The Paschal Candle Christ, Our Light The use of candles is very important in the Catholic Church, on the altar during Mass, at Baptisms, in the sanctuary lamp, as vigils before statues, sometimes during processions. The reason why we use candles so much is because the candle, which gives forth light, reminds us of the Light of Christ which illumines our soul and which we share with others through our lives. Jesus is the Light of the World. Of all the candles which are used in the church, the most prominent candle is the Paschal Candle, also known as the Easter Candle. This is a very large candle which is blessed and marked with symbols and given great attention as it is lit each year at the beginning of the Easter Vigil. This candle represents Christ to us and the light of his resurrection, the light of new life as it dispels the darkness of sin and death. The Paschal Candle is made of pure beeswax to represent the purity of Christ. In the center of the candle is etched a cross with the Greek letters Alpha and Omega, which means the beginning and the end. The numbers of the calendar year, currently 2024, are added onto the candle. Then five grains of incense are pressed into the wax of the candle, which represent the five wounds of Christ. The Paschal Candle is then lit from the new Easter fire and carried into the darkened church by the priest or deacon as the congregation follows. Three times he stops to intone “Christ, our light.” As the procession of congregants slowly fills the church, the light is passed on from the Paschal candle to small individual candles held by those in attendance as the church is filled more and more with the soft light of many candles in the darkness. When the Paschal Candle reaches the altar it is placed in a special, usually decorated, holder and incensed to show the great reverence we hold for this candle, as it represents Christ to us. Then the priest, deacon or cantor intones the Exsultet or Easter Proclamation, an ancient prayer chant that embodies the joy and exultation of this holy night of vigil of the Resurrection. These phrases from the Easter Proclamation show the significance of the Paschal Candle to the celebration of this Easter liturgy.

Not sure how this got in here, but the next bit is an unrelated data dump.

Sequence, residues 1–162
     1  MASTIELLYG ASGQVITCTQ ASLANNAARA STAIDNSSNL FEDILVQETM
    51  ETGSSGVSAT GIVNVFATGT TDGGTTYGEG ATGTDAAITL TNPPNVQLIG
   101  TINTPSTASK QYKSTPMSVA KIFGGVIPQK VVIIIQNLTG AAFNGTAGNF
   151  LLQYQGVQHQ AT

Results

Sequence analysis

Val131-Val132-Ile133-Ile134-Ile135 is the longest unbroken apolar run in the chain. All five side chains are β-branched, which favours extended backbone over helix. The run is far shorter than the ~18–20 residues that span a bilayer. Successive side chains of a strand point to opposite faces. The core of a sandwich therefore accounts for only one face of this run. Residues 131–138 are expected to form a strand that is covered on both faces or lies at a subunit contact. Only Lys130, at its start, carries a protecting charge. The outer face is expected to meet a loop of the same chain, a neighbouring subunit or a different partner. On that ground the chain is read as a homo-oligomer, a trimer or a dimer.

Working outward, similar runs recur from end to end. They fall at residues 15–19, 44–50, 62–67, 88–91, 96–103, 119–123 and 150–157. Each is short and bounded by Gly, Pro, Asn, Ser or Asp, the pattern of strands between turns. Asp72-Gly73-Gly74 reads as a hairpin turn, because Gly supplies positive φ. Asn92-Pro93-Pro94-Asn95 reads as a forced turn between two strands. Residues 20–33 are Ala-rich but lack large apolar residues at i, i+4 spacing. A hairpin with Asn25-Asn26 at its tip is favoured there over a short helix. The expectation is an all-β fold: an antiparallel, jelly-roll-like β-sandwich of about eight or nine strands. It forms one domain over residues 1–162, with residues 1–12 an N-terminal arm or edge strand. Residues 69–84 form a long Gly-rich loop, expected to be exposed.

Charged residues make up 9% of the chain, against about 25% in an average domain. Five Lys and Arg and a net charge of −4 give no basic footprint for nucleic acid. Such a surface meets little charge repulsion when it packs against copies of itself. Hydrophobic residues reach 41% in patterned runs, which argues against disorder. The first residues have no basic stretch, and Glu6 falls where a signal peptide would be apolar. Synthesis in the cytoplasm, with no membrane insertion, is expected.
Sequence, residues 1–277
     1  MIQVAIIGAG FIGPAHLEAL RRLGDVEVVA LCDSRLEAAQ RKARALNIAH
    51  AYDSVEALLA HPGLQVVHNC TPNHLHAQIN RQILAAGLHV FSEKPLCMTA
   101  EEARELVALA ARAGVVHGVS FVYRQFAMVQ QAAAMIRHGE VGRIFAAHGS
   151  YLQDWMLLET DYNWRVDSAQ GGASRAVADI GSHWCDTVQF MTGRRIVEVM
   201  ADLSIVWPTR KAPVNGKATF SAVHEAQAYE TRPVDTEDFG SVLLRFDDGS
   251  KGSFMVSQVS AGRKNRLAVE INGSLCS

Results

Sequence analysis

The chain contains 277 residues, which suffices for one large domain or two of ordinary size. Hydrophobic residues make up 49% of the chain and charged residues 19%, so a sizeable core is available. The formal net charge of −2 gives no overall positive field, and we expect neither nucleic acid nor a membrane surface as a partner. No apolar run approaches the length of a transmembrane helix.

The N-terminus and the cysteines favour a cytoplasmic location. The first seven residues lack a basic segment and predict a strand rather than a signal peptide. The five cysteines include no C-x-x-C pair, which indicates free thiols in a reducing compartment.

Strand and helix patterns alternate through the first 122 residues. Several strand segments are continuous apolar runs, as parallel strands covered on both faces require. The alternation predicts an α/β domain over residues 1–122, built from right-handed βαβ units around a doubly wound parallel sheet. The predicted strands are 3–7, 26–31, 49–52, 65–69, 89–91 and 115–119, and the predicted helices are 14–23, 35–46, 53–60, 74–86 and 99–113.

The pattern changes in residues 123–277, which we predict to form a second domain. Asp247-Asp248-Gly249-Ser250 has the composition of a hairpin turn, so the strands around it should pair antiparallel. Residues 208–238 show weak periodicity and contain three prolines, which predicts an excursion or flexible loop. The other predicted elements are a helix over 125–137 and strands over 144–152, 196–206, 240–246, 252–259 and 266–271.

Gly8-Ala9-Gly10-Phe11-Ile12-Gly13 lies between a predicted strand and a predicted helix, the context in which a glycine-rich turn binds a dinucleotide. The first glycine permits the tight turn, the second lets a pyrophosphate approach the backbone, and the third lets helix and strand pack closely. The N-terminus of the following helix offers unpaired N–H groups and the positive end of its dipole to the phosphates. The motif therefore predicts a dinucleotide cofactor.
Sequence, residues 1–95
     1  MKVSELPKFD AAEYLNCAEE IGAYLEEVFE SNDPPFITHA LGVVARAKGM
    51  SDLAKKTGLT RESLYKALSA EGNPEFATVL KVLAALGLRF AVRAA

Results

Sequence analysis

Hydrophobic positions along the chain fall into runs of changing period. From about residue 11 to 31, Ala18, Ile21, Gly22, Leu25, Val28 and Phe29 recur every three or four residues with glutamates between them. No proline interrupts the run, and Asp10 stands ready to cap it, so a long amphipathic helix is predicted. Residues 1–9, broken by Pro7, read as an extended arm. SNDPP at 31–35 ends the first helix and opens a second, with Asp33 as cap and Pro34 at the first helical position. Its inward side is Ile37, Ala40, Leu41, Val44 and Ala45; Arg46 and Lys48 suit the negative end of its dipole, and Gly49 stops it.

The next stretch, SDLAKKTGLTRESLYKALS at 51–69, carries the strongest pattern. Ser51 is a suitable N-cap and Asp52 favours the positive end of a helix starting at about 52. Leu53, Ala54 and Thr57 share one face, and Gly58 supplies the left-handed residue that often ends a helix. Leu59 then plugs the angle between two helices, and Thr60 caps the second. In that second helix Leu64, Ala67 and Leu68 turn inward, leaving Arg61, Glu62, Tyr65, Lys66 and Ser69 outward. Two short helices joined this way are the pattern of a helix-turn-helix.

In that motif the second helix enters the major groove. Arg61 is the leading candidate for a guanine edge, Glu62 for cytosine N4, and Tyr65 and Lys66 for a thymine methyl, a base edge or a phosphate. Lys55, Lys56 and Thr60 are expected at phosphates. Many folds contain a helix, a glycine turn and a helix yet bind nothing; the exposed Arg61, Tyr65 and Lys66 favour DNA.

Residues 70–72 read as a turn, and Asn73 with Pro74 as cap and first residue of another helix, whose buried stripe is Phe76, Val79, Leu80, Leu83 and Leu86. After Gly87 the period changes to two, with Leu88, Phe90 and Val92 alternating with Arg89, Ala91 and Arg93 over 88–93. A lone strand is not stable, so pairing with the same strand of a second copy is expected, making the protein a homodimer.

“Therefore, dearest friends, standing in the awesome glory of this holy light, invoke with me, I ask you, the mercy of God almighty, that he, who has been pleased to